12 10 Interim Management Report Business Development port Authority) registration statistics in their respective Tiguan models from the Volkswagen Passenger Cars brand, ’s Rapid and Kodiaq models, and for the SEAT ŠKODA segments: the up!, Polo, Golf , T-Roc, Tiguan, Touran and for Arona and Ateca. The Volkswagen Group’s share of the Multivan. In the first three months of 2019, the Golf was passenger car market in the Central and Eastern Europe again the most popular passenger car in Germany in terms of region amounted to 21.0 (21.9)%. registrations. In Turkey, mirroring the downturn in the market, we In the Central and Eastern Europe region, we delivered delivered only half as many vehicles to customers from 1.0% fewer vehicles to customers in the first quarter of this January to March this year as in the same period of 2018. On year than in the same period of 2018. While we recorded an the South African market, the number of vehicles sold by the increase in demand for Group models in Russia and Poland, Volkswagen Group fell by 2.1%. The Polo from Volkswagen the number of deliveries de clined in the Czech Republic. Passenger Cars remained the best-selling Group model there. Demand developed encouragingly for the Polo, T-Roc and 1 PASSENGER CAR DELIVERIES TO CUSTOMERS BY MARKET FROM JANUARY 1 TO MARCH 31 DELIVERIES (UNITS) CHANGE 2019 2018 (%) 1,202,198 1,198,129 –0.3 Europe/Other markets Western Europe 934,716 929,852 +0.5 of which: Germany +1.5 326,993 322,053 158,355 160,998 –1.6 United Kingdom 81,873 81,357 Italy +0.6 Spain 79,279 +0.7 79,810 71,535 +7.5 France 66,567 178,612 180,390 –1.0 Central and Eastern Europe of which: Russia 43,663 +6.6 46,523 Poland 43,503 41,238 +5.5 37,814 –13.2 Czech Republic 32,823 Other markets 84,801 –7.8 91,956 14,640 –50.8 of which: Turkey 29,767 South Africa 22,089 22,571 –2.1 215,905 220,255 North America –2.0 of which: USA 149,985 148,857 +0.8 Mexico 43,919 47,927 –8.4 Canada 22,001 23,471 –6.3 South America 117,695 +1.4 119,309 of which: Brazil 84,032 66,327 +26.7 Argentina 22,054 37,489 –41.2 Asia-Pacific 1,015,057 1,086,452 –6.6 of which: China 945,273 1,009,679 –6.4 Japan 19,709 22,534 –12.5 India 14,255 –8.9 15,647 2,548,400 –3.0 Worldwide 2,626,600 1,456,386 1,525,300 –4.5 Volkswagen Passenger Cars Audi 463,759 –3.6 447,247 ŠKODA 307,617 316,716 –2.9 SEAT 151,612 139,235 +8.9 Bentley 2,198 +3.2 2,268 Lamborghini 1,992 1,124 +77.2 Porsche 55,700 63,478 –12.3 Bugatti 20 17 +17.6 Volkswagen Commercial Vehicles 125,558 114,773 +9.4 subsequent statistical trends and the changed reporting structu re. The figures include the Chinese joint ventures. 1 Prior-year deliveries have been updated or amended to reflect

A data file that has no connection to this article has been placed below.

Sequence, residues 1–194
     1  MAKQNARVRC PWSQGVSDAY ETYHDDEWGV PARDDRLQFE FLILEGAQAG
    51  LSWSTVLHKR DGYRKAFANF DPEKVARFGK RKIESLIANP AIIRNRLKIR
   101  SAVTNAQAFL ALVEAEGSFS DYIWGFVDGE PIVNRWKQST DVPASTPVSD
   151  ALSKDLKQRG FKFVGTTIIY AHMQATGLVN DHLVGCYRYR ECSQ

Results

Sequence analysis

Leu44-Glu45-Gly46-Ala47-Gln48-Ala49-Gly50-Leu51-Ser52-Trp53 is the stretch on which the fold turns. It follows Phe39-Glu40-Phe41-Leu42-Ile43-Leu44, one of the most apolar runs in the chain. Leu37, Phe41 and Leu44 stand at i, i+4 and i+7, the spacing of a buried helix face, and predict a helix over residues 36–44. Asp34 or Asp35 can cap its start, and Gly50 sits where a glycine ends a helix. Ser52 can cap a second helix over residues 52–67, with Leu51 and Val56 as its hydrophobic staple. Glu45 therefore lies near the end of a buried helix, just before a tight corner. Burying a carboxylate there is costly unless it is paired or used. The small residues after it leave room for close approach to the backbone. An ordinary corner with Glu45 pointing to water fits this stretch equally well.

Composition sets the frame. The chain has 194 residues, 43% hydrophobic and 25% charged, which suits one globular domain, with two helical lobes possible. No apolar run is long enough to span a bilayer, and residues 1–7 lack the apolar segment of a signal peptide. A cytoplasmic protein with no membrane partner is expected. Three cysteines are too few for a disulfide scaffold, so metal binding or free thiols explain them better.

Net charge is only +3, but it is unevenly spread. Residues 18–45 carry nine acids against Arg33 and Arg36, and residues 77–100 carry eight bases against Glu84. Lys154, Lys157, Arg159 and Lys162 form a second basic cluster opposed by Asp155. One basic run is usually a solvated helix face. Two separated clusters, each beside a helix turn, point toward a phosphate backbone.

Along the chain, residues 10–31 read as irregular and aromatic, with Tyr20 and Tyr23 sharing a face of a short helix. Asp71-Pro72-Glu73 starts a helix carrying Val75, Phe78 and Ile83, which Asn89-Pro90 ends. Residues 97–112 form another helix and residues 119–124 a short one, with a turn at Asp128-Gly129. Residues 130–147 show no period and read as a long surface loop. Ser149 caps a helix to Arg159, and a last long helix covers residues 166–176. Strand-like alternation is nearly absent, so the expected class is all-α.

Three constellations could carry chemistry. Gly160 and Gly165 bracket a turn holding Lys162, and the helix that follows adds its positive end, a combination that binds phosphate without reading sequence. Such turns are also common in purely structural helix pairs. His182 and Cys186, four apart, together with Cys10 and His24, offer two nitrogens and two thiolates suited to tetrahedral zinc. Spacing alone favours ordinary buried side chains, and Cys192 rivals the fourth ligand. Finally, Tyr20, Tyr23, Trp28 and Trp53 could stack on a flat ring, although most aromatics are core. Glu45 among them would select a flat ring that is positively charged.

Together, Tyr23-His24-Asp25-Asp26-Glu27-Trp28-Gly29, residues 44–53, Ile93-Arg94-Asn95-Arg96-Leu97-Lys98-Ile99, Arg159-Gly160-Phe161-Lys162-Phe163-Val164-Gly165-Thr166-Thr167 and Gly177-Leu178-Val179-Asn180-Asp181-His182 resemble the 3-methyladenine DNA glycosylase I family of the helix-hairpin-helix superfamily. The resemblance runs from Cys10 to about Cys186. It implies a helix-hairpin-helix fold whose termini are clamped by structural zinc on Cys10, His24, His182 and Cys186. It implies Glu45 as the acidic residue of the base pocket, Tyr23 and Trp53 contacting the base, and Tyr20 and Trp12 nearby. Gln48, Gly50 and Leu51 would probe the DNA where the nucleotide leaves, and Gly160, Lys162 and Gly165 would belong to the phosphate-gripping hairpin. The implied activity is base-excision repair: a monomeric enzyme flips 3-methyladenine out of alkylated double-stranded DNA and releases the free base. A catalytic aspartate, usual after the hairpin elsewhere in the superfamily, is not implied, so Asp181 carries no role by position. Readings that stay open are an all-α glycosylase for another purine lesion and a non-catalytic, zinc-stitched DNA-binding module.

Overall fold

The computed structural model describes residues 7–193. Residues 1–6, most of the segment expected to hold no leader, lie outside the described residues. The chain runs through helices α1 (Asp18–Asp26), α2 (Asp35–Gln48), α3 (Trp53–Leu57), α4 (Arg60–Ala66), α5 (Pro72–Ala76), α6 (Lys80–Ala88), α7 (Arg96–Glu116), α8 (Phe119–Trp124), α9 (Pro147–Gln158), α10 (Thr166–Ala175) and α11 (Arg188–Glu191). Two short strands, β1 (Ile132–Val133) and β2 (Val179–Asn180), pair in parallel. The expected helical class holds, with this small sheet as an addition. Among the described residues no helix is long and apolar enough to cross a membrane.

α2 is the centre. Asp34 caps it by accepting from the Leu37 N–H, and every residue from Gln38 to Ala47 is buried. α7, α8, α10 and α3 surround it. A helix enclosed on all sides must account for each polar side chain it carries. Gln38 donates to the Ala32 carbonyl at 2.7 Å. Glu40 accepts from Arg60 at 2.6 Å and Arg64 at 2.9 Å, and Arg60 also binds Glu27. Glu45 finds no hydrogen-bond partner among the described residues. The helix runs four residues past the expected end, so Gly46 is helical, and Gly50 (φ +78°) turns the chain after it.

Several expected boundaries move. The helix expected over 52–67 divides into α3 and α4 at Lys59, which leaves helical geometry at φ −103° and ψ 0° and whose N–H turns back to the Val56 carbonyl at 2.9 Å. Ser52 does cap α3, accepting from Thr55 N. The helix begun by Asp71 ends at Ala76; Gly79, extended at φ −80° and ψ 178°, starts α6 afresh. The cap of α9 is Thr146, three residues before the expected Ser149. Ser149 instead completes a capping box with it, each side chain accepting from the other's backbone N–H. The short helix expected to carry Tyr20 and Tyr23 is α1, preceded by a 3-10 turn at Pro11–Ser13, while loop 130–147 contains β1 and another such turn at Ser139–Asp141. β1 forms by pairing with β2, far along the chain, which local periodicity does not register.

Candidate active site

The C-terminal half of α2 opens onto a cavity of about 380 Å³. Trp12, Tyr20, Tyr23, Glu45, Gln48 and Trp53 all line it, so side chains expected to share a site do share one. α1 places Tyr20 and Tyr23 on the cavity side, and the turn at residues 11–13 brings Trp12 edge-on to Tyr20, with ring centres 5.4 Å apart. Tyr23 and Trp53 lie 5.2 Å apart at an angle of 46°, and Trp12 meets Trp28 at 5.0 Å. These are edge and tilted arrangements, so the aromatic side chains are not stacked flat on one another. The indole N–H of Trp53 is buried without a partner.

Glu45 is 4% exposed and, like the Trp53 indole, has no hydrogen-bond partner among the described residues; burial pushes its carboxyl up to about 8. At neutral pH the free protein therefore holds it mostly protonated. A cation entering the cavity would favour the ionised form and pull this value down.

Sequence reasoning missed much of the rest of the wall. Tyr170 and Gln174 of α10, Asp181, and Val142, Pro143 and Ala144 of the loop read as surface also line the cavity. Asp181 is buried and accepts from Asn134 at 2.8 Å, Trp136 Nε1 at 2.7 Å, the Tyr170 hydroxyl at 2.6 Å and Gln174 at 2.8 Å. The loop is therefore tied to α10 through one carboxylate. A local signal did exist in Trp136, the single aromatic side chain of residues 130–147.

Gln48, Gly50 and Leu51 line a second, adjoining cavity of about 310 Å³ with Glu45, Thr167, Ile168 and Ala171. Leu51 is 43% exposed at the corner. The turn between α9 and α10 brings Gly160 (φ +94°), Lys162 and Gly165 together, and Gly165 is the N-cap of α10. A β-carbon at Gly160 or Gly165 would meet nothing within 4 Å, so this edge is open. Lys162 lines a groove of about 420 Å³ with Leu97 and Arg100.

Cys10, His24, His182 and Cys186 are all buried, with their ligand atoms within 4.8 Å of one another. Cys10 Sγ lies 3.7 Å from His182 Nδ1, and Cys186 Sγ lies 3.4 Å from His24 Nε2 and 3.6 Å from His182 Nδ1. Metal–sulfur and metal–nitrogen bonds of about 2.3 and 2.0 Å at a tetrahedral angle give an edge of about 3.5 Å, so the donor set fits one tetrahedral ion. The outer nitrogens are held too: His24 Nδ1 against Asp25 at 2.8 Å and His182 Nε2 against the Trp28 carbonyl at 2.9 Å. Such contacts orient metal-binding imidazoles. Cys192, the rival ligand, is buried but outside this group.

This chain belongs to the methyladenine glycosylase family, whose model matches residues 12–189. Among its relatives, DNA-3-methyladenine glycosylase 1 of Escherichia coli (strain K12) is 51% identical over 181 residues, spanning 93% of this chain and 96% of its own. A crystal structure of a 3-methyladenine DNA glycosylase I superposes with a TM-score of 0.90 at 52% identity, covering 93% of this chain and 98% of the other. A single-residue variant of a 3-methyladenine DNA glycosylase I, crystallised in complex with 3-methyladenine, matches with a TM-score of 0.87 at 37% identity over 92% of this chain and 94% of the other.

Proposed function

13 Interim Management Report 11 Business Development VOLKSWAGEN GROUP DELIVERIES BY MONTH Vehicles in thousands 2019 2019 2018 2018 1,100 1,100 1,000 1,000 900 900 800 800 700 700 600 600 AS OND J FMAM J J Deliveries in North America The Volkswagen Group benefited from the sustained recovery In a declining passenger car and light commercial vehicle in the Brazilian market and recorded a year-on-year increase market, demand for Volkswagen Group models in North of 26.7% in its sales to custom ers there during the reporting America between January and March of this year was 2.0% period. This was primarily due to the market success of the lower than a year before. The Group’s share of the market in Polo, Virtus and Tiguan Allspace models from the Volks- this region amounted to 4.5 (4.5)%. The Tiguan Allspace and wagen Passenger Cars brand, which were newly introduced to Jetta from the Volkswagen Passenger Cars brand were the the market in the previous year. Demand for the Volkswagen most in-demand Group models in North America. Passenger Cars brand’s Fox and Saveiro models, and for the In the first three months of 2019, the Volkswagen Group Amarok from Volkswagen Commercial Vehicles, was also very delivered 0.8% more vehicles to customers in the US market encouraging. than in the previous year’s reporting period. The market as a In Argentina, the number of vehicles delivered to Volks- whole contracted in the same period. The biggest increases of wagen Group customers declined by 41.2% in the first three all Group models were recorded by the Tiguan Allspace and months of 2019 amid a dramatic contraction in the overall Jetta from the Volkswagen Passenger Cars brand, the Audi Q5, market. The Suran from Volkswagen Passenger Cars and the Audi A6 and Porsche Cayenne. mmercial Vehicles saw the Amarok from Volkswagen Co In Canada, we delivered 6.3% fewer vehicles to customers highest demand of all Group models. The Virtus and Tiguan in the reporting period than in the previous year. The market Allspace models, newly introduced by the Volkswagen Pas- as a whole also declined during this period. The Tiguan senger Cars brand in the previous year, were also well received Volkswagen Passenger Cars Allspace and Jetta models from by customers. were particularly popular. Deliveries in the Asia-Pacific region In a slightly weaker overall market in Mexico, we delivered The Volkswagen Group recorded weaker demand in the Asia- 8.4% fewer vehicles to customers between January and March Pacific region amid difficult market conditions and handed 2019 than in the prior-year period. The Group models with over 6.6% fewer vehicles to customers than a year earlier. The were the Vento, Jetta and the highest volume of demand Group’s share of the passenger car market in this region was Tiguan Allspace from the Volkswagen Passenger Cars brand. at 11.7 (11.7)%. Deliveries in South America In China, the number of Group models sold declined by In the first quarter of 2019, the number of vehicles delivered 6.4% year-on-year from January to March 2019. The T-Roc, to Volkswagen Group customers in the South American Tayron, Tharu, Bora, Lavida and Touareg models from Volks- passenger car and light commerci al vehicles markets rose by wagen Passenger Cars as well as the Audi Q2L e-tron and the Karoq and Kamiq, of which new models or successors ŠKODA 1.4% year-on-year. The Gol and Polo from the Volkswagen had been introduced in the previous year, were in especially Passenger Cars brand achieved the highest demand volume high demand. of all Group models. The Group’s share of the market in South America was 11.8 (10.7)%.